At one point, the bar staff STOPPED serving in order to listen to him sing. Beat that.
Right. First things first. I'm writing this on the train back from the gig in a state of total shock. Even with this in mind (the fact that I'm in shock), I still think it is only right and proper that I tell you lot, the impressionable, naive bunch that you are, that you will never, in all your wanderings through the gig circuit, hear a voice as remarkable as Ben Christopher's. It was gilded, that is (and I'll check the dictionary description), layered with gold. His voice alone conjoured up images of Pre Raphaelite paintings; Ophelia, and Autumn Leaves, or be-jewelled swans floating downstream.
For the more prosaic amongst you, the nearest thing I can think of musically is, (and now I shall descend into Mojo speak), Tim Buckley stirred together in a heavenly mix with Nick Drake. And I do not say that lightly, or in a yawningly retro rock style. I mean it. And if you have an ounce of soul about you, and value beauty in reality and not in the abstract, you will be on your knees shaking and trembling in ecstatic terror at the thought of such a union. You should also be cursing and sobbing over the fact that you didn't go. More fools you.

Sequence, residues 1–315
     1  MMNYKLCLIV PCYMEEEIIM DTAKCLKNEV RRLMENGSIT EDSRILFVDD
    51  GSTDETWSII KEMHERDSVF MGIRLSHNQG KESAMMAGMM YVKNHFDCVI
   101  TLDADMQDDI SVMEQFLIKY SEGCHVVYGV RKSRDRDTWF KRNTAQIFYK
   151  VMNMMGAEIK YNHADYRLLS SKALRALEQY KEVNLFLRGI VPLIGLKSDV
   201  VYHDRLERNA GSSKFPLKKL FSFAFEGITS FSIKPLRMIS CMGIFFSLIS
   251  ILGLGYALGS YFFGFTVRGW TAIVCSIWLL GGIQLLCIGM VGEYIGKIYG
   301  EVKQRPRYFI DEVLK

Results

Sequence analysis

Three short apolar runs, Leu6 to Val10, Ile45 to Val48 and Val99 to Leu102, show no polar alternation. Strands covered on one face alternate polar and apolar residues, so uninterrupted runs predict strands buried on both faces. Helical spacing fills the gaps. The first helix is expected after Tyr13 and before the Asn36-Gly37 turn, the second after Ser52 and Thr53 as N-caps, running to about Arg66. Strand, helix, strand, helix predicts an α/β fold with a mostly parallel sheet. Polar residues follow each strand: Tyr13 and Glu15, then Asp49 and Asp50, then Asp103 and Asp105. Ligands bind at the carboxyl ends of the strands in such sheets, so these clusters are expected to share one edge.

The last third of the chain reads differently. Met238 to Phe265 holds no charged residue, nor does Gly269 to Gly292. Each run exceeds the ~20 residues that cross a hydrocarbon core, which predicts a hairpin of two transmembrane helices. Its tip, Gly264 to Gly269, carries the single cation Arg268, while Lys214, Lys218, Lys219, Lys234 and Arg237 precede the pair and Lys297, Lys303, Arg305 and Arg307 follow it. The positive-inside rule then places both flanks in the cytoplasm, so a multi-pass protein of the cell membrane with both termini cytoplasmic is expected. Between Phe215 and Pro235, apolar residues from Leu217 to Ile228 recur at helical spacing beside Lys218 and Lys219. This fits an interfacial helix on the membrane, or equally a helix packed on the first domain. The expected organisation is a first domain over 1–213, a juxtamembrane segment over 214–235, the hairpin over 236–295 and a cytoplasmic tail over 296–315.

Aided by an acoustic, an electric, and a limited amount of software backing, he kicked up a storm. A quiet, intense storm. At one point, the bar staff STOPPED serving in order to listen to him sing. Beat that. The guitar playing was fucking righteous, intense, gentle; interwoven in the song structures in an almost sacred way. In total sympathy with his surroundings. Almost high magic. There is no point in writing further. I will be daring and say that listening to his albums, (especially Spoonface), excellent as they are, will not in any way prepare you for how good he is live. In fact it feels like a heresy to listen to the lps after that gig, and that's the highest recommendation I can give. Right, I'll go home and sit down.